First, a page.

Sunni-Shiite Dominoes?

History will surely examine with a cold eye whether the Bush Administration looked carefully enough at the potential consequences before it went to war in Iraq.

But if decisions are made unwisely in the days ahead, it may also examine another question: Did the U.S. look carefully enough before leaving the war in Iraq?

Abdul Aziz al Hakim, leader of the Supreme Council for the Islamic Revolution in Iraq (SCIRI), visited President Bush at the White House this week. The visit was likely part of the follow-up to a memo that National Security Adviser Stephen Hadley sent to President Bush in late November which suggested that Bush push Hakim to throw his party’s support behind Iraqi Prime Minister Nouri al-Maliki to help Maliki build a new political base independent from Shiite warlord Moqtada al Sadr.

That we must hope for Hakim to play this role is emblematic of the dilemma we face–and makes a review of some recent history timely.

There was a time when a certain leader vowed that Iraq’s “evil Baathist leaders” would be consigned “to the dustbin of history.”

It was not 2003, but 1980. The leader was Iran’s Ayatollah Khomeini. He believed that Iraqi Shiite clergymen, who had been his colleagues when he lived in exile in Najaf, Iraq, were primed to spark an Islamic revolution against Saddam Hussein.

These Iraqi clergymen were not Khomeini’s seedlings. They were parallel branches rising from the same root and trunk of Shiite revolutionary thinking that had produced Khomeini himself. Two Iraqi Shiite clans prominent in this movement were the Sadrs and the Hakims.

In The Islamic Movement of Iraqi Shi’as, published in 1992, Prof. Joyce Wiley of the University of South Carolina outlined the role these families played in the rise of Iraqi Islamism.

In the late 1950s, about the time Iraq’s military overthrew Iraq’s Sunni monarchy, a young Shiite clergyman named Muhammad Baqir al Sadr began a movement called Hizb al-Dawa al-Islamiya (Party of the Call to Islam). It was designed to provide a religiously-based Islamic political alternative to secular Arab nationalism and atheistic communism.

Ayatollah Muhsin al-Hakim, then Iraq’s preeminent Shiite cleric, supported Sadr’s movement, as did many of Hakim’s multitudinous sons. When al-Hakim died in 1970, Sadr became an ayatollah and inherited much of Hakim’s religious following.

After Iran declared an Islamic Republic under Khomeini in 1979, Saddam put Sadr under house arrest in Iraq. “From his confinement,” writes Wiley, “Ayatollah al-Sadr issued a fatwa declaring that believing Muslims were obliged to struggle against the Ba’th Party.”

In March 1980, Saddam declared membership in Dawa a capital offense, and executed 96 members. In April, he hanged not only Ayatollah Sadr, but also his sister Bint al-Huda, leader of a Shiite women’s movement.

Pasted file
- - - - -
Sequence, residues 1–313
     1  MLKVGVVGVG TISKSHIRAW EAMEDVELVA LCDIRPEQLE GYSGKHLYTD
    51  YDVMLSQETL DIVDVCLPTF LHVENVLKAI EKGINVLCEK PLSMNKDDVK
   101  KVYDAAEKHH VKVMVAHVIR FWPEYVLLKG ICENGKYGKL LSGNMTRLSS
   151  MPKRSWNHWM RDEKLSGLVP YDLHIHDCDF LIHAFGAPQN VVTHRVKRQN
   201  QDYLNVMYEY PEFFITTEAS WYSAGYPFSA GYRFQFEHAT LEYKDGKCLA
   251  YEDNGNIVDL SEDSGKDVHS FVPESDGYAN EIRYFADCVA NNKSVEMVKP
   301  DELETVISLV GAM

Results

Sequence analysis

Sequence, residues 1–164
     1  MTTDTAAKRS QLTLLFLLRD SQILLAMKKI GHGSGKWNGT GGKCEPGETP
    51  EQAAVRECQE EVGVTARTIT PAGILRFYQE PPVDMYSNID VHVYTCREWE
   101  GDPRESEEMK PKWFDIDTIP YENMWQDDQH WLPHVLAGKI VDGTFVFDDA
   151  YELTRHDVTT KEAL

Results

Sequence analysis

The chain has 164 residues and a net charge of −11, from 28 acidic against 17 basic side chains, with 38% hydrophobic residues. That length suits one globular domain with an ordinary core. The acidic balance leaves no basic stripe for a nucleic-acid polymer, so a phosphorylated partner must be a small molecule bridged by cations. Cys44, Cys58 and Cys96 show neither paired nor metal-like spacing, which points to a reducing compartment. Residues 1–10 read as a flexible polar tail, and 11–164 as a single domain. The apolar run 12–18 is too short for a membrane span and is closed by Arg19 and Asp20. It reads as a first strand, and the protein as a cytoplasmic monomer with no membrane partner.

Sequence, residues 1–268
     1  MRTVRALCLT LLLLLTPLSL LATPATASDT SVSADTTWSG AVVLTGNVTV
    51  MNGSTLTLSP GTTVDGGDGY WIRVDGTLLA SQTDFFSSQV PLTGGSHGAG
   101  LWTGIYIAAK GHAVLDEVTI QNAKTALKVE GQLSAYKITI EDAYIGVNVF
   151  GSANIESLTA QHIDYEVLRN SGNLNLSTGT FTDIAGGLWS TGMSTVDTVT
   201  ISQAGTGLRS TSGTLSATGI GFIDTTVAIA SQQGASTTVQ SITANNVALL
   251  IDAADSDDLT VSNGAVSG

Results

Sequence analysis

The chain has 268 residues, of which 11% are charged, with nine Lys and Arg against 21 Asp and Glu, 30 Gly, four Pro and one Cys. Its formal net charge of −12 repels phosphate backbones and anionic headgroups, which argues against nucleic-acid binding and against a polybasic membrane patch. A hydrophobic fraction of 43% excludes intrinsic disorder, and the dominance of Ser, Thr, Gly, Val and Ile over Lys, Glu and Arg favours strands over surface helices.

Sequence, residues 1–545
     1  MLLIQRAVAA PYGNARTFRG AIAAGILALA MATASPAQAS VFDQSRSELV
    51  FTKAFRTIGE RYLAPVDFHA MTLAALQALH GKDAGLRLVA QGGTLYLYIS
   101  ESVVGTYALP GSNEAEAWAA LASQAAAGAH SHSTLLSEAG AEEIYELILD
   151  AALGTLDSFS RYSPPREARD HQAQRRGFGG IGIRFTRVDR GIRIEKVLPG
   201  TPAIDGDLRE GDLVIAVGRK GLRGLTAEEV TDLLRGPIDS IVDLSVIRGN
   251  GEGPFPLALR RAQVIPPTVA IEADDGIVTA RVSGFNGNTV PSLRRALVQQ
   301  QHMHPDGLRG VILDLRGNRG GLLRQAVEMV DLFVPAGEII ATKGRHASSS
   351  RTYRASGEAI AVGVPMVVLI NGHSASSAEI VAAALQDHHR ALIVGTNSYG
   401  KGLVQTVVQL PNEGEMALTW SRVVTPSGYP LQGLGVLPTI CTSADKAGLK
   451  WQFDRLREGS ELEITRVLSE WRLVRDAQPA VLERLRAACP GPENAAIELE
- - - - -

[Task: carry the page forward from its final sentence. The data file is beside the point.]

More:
The Dawa went into exile in Iran, and, in September 1980, Saddam preemptively invaded that country, in what he mistakenly thought would be a quick campaign to grab territory and end government by the ayatollahs.

In 1982, as the war continued, SCIRI was founded by Iraqi exiles in Iran. Its leader was Ayatollah Muhammad Baqir al-Hakim, a son of the late Ayatollah Muhsin al-Hakim. Muhammad’s brother, Abdul Aziz al-Hakim, became leader of SCIRI’s militia, the Badr Brigades.

According to SCIRI’s website, Saddam retaliated against the Hakims by arresting 125 family members and executing 18.

When Iraq’s first post-Saddam democratic government was finally formed this year, Nouri al Maliki became prime minister. He is a member of Dawa. Warlord Moqtada Sadr leads a bloc in Maliki’s coalition. He is a cousin of the late Ayatollah Sadr. Abdul Aziz al Hakim’s SCIRI is the largest single party in Iraq’s parliament.

SCIRI retains its Badr Brigades. Moqtada Sadr has his Mahdi Army. Both militias are backed by Iran. Both are reportedly responsible for sectarian murders and violence.

Sunni-governed Arab states—seeing the obvious potential for radicalized Iraqi Shiites to extract a payback for Saddam’s brutal bloodletting while securing their long-sought Islamic republic–have been fretting that if U.S. forces withdraw from Iraq before political stability can be established, a Sunni-Shiite conflict could ensue that goes beyond the borders of Iraq.

In a recent Washington Post op-ed, Nawaf Obaid, an adviser to the Saudi government, even warned that if the U.S. begins withdrawing from Iraq, the Saudis will intervene in some form themselves. “To be sure, Saudi engagement in Iraq carries great risks—it could spark a regional war,” wrote Obaid. “So be it.”

The dream of establishing democracies throughout the Middle East, beginning in Baghdad, must now give way to finding whatever practical steps can be taken to best protect our interests there while preserving our security here.